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Against World Cup expansion

Rummenigge at the ECA General Assembly in Paris

On Tuesday the 16th General Assembly of the European Club Association (ECA), presided over by Karl-Heinz Rummenigge, came to an end. The FC Bayern chairman said that he opposes an expansion of the World Cup to 40 teams. The “healthy balance” between club and national team football “must not be put at risk,” according to Rummenigge. Vice-chairman Umberto Gandini agreed: “We don't like this idea.” The European clubs release and pay the main protagonists in a World Cup; any additional workload is unacceptable.

The FIFA Reform Committee has proposed an increase in the number of teams participating in the World Cup from 32 to 40 by 2026. FIFA presidential candidate Gianni Infantino supports the idea. Despite disagreement on this issue the ECA members spoke out in favour of Infantino as the future FIFA president. “We have no vote, but in the sense of the spirit of football we support Gianni Infantino,” according to Rummenigge. The chairman and the ECA demanded that the clubs have a say in issues which directly concern professional football. “Football as such must be given priority again,” according to the ECA press release.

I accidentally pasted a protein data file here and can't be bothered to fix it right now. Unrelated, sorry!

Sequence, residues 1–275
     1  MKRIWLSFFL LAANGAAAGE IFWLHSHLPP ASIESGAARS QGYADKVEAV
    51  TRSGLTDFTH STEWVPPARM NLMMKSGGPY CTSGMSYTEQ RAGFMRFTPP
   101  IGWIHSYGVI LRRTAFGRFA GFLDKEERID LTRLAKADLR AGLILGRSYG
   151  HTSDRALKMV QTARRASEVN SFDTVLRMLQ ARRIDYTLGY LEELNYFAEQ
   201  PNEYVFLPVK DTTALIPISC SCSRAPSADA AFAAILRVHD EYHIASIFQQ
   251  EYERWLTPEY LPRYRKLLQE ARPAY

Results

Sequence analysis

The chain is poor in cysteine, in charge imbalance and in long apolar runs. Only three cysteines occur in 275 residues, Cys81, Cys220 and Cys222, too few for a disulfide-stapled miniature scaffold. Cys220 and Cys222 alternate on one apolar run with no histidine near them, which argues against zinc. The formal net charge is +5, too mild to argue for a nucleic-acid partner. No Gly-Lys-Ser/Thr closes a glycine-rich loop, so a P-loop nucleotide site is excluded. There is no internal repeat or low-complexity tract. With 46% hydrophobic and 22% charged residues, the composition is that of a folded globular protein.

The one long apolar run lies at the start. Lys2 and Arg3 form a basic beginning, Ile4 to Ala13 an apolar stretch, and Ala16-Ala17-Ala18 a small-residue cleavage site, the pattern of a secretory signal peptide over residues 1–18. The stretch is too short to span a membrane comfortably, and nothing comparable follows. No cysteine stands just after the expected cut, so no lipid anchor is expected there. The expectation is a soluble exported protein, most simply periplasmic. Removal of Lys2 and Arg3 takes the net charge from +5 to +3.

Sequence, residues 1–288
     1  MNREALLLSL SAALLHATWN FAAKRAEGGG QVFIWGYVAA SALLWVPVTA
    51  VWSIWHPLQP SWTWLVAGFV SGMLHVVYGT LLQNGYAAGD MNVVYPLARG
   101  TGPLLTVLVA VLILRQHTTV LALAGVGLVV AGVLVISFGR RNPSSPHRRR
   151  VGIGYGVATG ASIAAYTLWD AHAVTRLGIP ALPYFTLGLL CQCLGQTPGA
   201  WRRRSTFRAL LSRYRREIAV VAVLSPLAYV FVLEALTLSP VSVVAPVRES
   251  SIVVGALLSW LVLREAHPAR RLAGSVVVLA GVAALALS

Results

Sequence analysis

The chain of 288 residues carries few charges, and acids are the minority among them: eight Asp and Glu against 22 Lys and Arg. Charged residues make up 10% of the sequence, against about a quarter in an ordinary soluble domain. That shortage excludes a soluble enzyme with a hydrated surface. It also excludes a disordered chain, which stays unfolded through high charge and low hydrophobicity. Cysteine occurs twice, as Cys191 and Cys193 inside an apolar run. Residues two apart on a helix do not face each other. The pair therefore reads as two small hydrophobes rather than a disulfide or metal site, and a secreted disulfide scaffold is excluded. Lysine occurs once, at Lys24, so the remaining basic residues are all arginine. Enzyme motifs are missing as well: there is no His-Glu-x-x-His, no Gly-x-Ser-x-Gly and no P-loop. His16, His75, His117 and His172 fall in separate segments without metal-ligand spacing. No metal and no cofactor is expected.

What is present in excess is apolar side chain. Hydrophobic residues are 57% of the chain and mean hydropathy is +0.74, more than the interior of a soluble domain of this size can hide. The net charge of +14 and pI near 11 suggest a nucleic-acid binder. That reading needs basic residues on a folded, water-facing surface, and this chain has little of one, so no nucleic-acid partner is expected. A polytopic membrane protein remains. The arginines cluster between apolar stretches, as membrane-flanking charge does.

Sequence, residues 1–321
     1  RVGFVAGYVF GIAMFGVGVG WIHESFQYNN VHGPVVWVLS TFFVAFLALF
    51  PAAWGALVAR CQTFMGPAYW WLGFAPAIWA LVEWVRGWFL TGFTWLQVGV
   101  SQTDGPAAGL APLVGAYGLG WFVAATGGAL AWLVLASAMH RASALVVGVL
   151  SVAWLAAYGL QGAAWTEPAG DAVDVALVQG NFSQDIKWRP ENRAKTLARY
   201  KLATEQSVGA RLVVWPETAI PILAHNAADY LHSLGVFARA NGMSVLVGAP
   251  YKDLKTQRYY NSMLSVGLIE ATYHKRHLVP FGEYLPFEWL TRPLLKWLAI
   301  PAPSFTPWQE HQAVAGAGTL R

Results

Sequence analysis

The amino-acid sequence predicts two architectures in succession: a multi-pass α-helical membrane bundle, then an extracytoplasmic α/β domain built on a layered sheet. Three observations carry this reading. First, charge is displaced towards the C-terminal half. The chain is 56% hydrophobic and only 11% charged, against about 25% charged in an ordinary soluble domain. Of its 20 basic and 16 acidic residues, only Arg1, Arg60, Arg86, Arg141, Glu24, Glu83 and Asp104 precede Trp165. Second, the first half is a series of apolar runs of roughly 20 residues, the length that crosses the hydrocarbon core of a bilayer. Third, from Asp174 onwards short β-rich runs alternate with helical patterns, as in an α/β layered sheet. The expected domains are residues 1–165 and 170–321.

Agreement on compensation payments

The participants also discussed the future of UEFA's main club competitions, the Champions League and the Europa League. Rummenigge: “I believe that both ECA and UEFA are interested in an evolution of the competitions. Stagnation means regression. We have always jointly looked into ways to further develop and improve the competitions. It is important to find a good solution for everyone involved.”

One outstanding issue has already been solved together with UEFA. The Bundesliga teams will be paid about €100m of compensation for the upcoming EURO 2016. Payments of the daily rates will start 14 days before the first match of each respective team until the day after the tournament is over for the team in question. Each club providing a player for the Germany squad would receive approximately €250,000 if Germany progress to the final. The exact amount can only be calculated after the tournament since clubs in top leagues like the Bundesliga receive higher payments than clubs in less successful leagues, such as Iceland or Slovakia.